I was car sick. The death scene was bloody, but that never bothered me before. I think the combination of smell and the bouncing trip out was all it took. The vet thinks to this day I threw-up because it was a bloody mess and it was my first case.
We took pictures of everything. The vet put on gloves and moved to the body. The first thing he did was check to be certain the man was dead. That was not always the case, which is a topic for a later post. He felt the neck, the carotid artery. Then he felt the wrist, the radial artery. He was dead.
The .22 caliber revolver was in his right hand resting on the porch swing. We counted five GSWs (gunshot wounds) to the upper left chest. The patterns on the shirt suggested the gun was pressed against it at time of discharge. There were five distinct entry wounds and no exits. The gun was removed, briefly examined and bagged. The deceased hands were also bagged (paper). There was no other signs of trauma. I was still sure it was a homicide. I couldn’t figure out how anyone could shoot themselves that many times. Surely they would have dropped after one or two?
Following routine documentation of the scene, collection of physical evidence that included the newly opened box of fifty .22 caliber bullets…minus six. We interviewed family members and neighbors and we looked through the house for anything that could help define the dead man; interests, recent activities, medications (indication of medical conditions) and to get name of attending physicians for additional interviews prior to the inquest. The Medical Examiner would have a hundred questions at time of the autopsy. It was our job to have a hundred and one answers or the process stops and waits.
In our jurisdiction all evidence was taken by Field Agents to the medical examiner’s office (the county morgue) along with the body. That was the location where most case assessments and testing was conducted…including ballistics (test firing guns and measuring residues, etc.), toxicology, fingerprinting evidence retention. Over the next decade the CSI agency was further established within the police department and certain evidence was moved to their processing areas in coordination with the medical examiner’s inquest.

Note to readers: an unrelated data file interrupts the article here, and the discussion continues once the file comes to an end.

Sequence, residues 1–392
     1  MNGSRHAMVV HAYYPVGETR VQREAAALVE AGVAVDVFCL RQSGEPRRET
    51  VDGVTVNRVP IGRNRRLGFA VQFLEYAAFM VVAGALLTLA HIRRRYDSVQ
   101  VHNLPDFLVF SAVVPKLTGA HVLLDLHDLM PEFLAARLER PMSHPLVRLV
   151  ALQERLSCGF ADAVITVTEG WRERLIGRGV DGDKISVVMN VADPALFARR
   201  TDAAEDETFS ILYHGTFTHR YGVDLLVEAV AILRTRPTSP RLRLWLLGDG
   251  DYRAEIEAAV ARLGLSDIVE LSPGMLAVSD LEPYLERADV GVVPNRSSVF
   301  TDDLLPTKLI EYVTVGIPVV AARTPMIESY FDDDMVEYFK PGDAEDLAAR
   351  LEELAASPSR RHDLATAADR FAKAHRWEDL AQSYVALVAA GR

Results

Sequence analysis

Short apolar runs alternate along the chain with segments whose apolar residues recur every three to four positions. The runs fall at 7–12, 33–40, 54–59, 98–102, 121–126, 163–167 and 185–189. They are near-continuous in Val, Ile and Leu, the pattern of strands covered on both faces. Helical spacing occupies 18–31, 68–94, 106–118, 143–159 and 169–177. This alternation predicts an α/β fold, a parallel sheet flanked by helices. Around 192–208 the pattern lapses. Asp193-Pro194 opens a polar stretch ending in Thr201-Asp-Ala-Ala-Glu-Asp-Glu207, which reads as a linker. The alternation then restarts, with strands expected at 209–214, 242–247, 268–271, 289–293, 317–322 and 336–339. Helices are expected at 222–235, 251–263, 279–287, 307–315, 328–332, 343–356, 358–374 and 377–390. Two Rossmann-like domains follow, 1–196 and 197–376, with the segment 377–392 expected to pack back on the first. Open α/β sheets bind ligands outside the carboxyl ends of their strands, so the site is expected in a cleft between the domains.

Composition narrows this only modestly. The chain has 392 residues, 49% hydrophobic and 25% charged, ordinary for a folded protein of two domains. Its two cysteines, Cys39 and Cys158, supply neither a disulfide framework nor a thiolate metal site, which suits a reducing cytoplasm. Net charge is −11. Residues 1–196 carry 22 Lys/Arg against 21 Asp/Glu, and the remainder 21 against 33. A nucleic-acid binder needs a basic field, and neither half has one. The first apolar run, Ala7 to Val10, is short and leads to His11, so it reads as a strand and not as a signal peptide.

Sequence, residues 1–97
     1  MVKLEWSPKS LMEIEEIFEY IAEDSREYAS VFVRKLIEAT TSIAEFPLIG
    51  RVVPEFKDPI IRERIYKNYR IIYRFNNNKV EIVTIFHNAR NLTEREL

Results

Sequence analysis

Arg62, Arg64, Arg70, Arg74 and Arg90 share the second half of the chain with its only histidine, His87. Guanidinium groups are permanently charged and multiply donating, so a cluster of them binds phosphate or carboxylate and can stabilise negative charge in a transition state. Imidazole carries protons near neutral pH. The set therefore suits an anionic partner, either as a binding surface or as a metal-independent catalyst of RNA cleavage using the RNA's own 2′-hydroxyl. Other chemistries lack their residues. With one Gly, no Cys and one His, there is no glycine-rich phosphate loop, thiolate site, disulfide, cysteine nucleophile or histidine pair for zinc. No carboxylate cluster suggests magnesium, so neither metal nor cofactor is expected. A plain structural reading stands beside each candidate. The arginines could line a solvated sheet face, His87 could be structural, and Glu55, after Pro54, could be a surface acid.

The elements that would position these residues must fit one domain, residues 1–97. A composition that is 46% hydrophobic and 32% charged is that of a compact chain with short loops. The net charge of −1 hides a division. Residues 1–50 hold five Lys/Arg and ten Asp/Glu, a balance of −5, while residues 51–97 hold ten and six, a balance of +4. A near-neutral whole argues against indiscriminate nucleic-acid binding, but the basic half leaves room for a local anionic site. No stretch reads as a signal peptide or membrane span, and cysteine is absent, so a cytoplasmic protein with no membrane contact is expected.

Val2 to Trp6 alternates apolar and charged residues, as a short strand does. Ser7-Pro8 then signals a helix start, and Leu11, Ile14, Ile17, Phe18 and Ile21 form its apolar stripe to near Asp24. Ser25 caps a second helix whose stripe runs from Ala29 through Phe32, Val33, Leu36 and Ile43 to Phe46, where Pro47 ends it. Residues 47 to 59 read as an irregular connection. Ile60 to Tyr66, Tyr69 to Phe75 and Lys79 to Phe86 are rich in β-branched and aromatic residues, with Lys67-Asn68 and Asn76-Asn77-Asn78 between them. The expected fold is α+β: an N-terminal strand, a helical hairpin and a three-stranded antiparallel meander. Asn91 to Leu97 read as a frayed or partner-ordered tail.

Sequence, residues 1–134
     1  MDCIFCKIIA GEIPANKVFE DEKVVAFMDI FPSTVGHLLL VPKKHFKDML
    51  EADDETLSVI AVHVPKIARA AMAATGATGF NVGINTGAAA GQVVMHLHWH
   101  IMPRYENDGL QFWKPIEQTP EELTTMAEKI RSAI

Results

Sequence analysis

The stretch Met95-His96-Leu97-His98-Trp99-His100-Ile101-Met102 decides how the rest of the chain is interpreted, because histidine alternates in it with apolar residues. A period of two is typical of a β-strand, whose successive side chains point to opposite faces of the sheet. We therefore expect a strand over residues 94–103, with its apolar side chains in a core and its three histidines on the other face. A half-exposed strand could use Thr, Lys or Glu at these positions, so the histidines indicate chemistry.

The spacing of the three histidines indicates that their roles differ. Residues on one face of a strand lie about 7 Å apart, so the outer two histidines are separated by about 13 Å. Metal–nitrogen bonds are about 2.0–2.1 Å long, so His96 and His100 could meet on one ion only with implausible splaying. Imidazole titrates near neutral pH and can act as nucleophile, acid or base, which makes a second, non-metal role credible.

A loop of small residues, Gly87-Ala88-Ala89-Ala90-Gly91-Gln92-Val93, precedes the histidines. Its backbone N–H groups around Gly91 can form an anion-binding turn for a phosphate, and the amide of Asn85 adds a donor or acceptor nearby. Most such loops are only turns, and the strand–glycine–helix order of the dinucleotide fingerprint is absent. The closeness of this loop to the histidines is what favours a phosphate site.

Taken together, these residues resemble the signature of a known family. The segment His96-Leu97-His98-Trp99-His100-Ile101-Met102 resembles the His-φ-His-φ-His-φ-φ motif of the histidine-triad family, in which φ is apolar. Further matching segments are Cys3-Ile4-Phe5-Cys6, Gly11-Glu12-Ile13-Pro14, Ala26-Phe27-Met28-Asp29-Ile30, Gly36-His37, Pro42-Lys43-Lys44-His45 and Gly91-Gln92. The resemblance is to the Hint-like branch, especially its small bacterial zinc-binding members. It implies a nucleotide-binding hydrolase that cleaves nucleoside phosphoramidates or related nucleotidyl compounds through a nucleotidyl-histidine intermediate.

We were standing next to the autopsy table when the morgue clerk wheeled the deceased out of the “full body x-ray” room and the medical photographer had taken his early round of pictures. After placing the deceased on the stainless steel table, the deaners started to take off the clothes with the medical examiner’s close supervision or intervention. When directed, the medical photographer took more pics. A lot of time was spent by the M.E. looking at the shirt and the chest of the deceased, matching bullet paths and assessing every wrinkle and every burn patch and residues.
The medical examiner carefully examined the hands of the deceased. A saline solution was used with swabs to wash both hands and to collect the residues on the cotton swabs. They would be used later to determine if the gun was in the deceased hand at the time of discharge.
I still “privately” believed Mr. X was the victim of a homicide made to look like a suicide. I theorized a family member wanted to collect on the $100,000 life insurance policy taken out three months earlier. I was feeling pretty good because Mr. X paid a premium to cover all manners of death, surely encouraged by members of the family and possibly the actual killer.
When the M.E. asked me what I was thinking about, I was smart enough to say, “Well sir, I am thinking about the questions you might ask and whether we have the answers.” Turned out that was the right answer. If I told him I thought it was a homicide and the veteran investigator is not looking at the evidence the way he should, well…that could have been my last day.
The deceased was lying on the table naked. The M.E. dictated as he walked around the body and completed his external examination. Then he spent ten minutes talking about the multiple gunshot wounds to the chest, the contact wounds, the stippling and other things I had never heard before. Then he asked for the scalpel. It was time to crack the chest and see what was going on inside…the bullet paths…where did they end up? The autopsy proved to be the shining light on the case.
Installment #3 May 10, 2013